It is their wish to use Twitter to encourage connections student to student, but until now, Twitter has not been used that way… some concern that Twitter is so public. But discussion boards are used --- is this at all helped by being mobile? Not clear. Students report using the iPad and app more than Blackboard. Bbd not great because requires persistent internet connection. --- that’s the problem of connection w others something like Skype. Twitter and disc boards are asynchronous… should be ok. Education --- Skype!!!! More than other courses!!!
From the MA education class. They spoke to each other… there was more encouragement from staff on the discussion board (demonstration of using it)
iPads in Distance Learning: learning design, digital literacy, transformation
iPads in distance learning: learning
design, digital literacy, transformation
Learning Technologist & SCORE
Institute of Learning Innovation
University of Leicester
Transformations Photo by DG Jones on Flickr
What shall we talk about?
• The distance learning courses using iPads
– Learning Design
– Digital Literacy
• Big questions:
– can learning on-the-go and in short bursts
constitute deep learning?
– Is it feasible to study and engage in academic
research using an electronic device rather than
– Can mobile devices facilitate collaboration to
the benefit of the learner?
– Can we assume or require a certain level of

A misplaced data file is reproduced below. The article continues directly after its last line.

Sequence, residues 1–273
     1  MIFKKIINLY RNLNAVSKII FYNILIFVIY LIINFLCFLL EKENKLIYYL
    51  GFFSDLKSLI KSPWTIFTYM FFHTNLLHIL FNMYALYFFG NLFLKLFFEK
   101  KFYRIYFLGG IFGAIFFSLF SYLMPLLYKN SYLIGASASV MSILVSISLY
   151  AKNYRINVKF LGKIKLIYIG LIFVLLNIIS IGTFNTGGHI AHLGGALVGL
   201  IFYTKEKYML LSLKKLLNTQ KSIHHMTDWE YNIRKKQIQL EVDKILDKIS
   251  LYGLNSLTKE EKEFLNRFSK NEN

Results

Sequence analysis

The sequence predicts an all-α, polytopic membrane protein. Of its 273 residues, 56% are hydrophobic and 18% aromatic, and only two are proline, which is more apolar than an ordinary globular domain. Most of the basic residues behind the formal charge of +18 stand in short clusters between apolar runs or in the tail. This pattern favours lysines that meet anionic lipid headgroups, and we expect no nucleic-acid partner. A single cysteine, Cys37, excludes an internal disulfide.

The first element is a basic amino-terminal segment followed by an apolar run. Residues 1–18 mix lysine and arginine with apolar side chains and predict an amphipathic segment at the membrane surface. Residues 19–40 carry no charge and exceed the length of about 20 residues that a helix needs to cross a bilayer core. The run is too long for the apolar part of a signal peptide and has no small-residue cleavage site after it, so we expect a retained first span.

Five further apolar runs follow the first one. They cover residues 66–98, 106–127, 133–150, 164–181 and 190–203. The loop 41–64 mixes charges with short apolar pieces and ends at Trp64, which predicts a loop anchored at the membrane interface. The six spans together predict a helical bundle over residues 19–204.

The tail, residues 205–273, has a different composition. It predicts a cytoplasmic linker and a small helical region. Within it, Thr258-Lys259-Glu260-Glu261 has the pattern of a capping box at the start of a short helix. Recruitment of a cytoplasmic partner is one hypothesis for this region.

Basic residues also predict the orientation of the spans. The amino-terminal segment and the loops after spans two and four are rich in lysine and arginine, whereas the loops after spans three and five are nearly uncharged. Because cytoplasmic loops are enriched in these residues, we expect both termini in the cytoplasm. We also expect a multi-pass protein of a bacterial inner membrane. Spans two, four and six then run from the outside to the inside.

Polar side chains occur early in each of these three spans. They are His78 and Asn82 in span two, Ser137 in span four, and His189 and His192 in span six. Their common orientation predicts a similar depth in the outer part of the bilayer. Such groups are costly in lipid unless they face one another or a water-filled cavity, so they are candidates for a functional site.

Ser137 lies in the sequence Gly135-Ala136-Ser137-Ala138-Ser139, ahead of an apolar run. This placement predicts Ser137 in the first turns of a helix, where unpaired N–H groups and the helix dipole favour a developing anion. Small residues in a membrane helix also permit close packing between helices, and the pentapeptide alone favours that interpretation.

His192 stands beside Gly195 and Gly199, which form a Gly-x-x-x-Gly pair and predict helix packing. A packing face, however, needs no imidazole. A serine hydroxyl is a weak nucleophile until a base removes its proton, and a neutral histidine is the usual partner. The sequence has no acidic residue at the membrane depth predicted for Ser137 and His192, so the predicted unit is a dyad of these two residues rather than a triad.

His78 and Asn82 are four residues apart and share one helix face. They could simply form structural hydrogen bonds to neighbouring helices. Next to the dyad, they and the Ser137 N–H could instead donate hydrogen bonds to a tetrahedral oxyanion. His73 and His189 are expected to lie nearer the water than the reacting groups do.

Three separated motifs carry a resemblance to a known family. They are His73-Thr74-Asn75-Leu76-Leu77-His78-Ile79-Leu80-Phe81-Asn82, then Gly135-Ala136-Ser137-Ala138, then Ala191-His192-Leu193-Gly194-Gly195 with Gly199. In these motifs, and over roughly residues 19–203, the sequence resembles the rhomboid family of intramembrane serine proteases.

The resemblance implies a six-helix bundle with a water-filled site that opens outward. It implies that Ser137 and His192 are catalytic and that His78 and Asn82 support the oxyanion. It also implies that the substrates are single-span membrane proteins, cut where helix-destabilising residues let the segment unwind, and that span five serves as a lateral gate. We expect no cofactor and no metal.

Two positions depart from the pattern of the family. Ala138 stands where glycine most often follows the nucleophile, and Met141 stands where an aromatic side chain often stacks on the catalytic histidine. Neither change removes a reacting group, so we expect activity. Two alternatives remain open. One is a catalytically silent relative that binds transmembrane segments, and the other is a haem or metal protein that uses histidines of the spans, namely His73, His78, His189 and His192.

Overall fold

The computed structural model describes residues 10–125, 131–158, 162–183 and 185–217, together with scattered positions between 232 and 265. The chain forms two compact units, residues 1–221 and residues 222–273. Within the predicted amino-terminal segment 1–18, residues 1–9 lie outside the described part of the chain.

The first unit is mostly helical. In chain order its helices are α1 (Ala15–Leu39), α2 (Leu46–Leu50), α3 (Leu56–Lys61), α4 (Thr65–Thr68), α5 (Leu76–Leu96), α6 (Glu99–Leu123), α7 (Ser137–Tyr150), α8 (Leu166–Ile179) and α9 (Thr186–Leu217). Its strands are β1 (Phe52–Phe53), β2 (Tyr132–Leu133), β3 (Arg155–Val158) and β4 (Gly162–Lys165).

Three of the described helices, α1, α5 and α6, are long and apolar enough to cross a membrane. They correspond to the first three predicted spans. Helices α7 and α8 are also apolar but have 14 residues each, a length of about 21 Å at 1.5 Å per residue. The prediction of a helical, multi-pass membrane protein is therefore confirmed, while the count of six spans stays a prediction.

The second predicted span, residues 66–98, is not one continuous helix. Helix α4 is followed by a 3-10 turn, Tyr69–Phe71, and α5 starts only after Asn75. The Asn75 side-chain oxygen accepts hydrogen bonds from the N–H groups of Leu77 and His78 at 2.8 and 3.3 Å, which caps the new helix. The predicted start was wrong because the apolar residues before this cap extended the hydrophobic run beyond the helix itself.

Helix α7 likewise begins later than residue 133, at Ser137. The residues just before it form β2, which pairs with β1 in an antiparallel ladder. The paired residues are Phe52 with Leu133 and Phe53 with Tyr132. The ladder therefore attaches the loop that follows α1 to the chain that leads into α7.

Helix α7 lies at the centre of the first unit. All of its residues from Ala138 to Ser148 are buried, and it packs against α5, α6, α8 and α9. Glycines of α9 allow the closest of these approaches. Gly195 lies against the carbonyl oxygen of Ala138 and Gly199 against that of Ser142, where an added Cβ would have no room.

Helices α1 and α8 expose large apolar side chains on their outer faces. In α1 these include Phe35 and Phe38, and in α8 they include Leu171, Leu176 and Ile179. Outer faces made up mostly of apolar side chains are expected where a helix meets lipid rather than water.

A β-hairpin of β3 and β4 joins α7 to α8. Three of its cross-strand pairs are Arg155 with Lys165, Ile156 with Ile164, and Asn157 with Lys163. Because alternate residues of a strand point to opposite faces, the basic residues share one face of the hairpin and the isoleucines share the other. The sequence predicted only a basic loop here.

digital literacy on the part of students in order
for mobile learning to be effective?
• Conclusions and future plans
Photo by Barbara Willli on
Peacekeeper-student’s coffee break during long-range patrol
Two MA distance learning courses
JISC Places: http://www.le.ac.uk/places-mlearn
top 10 apps
to get ebook
• Education ebook – free Apple iBooks Author
‘Top Ten Apps’
• Goodreader or iAnnotate PDF for reading and annotating pdf documents
• Pages – word processing opens Word documents and saves back as Word
• Dropbox– 2GB of free storage space in the cloud.
• Evernote– take notes on iPad or any computer, save them in ‘the cloud’.
• Instapaper– saves websites so they can be read offline.
• Audiotorium– records sounds and allows you to takes notes.Kindle app –
lets you purchase ebooks from Amazon and read them on your iPad.
• iTunes U app– use great, free learning resources from iTunes U, keep
• Blackboard Mobile Learn– provides access to the University’s Virtual
• YouTube – free video worldwide
• iBooks – free e-book reading app, supports multimedia in ebooks
• Podcasts – free app to organise and play audio files
Academic use of mobile device
• electronic reading and note-taking (pdf, epub)
• sharing resources with others, curating, discussing (Twitter)
• word-processing on device
• working with cloud storage
• web reading offline
• capturing live event by sound plus notes
• consuming, collecting, storing multimedia learning material
• Connecting with VLE
• videoconferencing with other students and tutors
• brain-storming, spider-diagramming
“Digital literacy is the ability to understand and use information
in multiple formats form a wide range of sources when it is
presented via computers.” (Gilster, 1997)
Koole’s FRAME Model (Koole, 2009)
Goodreader, iTunes U
Mobile Digital Literacy
Student feedback – Criminology
(Nie, Bird, Beck, Hayes, &Conole, 2013)
Usefulness of iPad
A couple of
A few times
a month 8%
Frequency of using iPad and
A couple of times a
A few times a month